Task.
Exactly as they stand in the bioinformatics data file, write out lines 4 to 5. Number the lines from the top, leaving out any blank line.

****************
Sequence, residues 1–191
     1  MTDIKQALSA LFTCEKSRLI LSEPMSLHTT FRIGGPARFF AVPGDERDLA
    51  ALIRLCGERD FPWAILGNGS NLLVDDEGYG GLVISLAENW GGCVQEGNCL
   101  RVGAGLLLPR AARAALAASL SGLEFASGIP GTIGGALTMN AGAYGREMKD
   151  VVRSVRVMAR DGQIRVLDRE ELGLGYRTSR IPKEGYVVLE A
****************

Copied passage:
   101  RVGAGLLLPR AARAALAASL SGLEFASGIP GTIGGALTMN AGAYGREMKD
   151  VVRSVRVMAR DGQIRVLDRE ELGLGYRTSR IPKEGYVVLE A